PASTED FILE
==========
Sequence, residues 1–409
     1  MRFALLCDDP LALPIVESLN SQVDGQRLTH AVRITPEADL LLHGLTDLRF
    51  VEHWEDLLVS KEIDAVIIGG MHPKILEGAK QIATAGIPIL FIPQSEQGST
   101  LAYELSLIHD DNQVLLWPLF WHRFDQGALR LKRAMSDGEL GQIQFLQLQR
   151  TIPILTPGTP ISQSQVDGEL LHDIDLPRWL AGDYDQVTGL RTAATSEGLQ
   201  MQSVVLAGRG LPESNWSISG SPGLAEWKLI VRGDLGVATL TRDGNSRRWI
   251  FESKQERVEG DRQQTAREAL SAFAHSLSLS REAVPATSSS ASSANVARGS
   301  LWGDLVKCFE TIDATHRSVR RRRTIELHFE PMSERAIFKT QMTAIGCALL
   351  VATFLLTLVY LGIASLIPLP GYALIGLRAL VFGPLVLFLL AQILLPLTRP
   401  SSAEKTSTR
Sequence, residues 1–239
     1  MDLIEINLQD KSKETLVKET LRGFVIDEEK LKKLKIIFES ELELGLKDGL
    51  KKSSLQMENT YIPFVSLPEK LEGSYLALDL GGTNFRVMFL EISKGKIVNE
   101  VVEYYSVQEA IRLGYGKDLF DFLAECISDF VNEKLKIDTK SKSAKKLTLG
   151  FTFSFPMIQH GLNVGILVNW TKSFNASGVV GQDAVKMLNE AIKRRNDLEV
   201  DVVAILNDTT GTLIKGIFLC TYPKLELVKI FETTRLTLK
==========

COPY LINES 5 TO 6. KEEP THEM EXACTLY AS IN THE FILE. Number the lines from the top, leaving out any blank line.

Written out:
   151  TIPILTPGTP ISQSQVDGEL LHDIDLPRWL AGDYDQVTGL RTAATSEGLQ
   201  MQSVVLAGRG LPESNWSISG SPGLAEWKLI VRGDLGVATL TRDGNSRRWI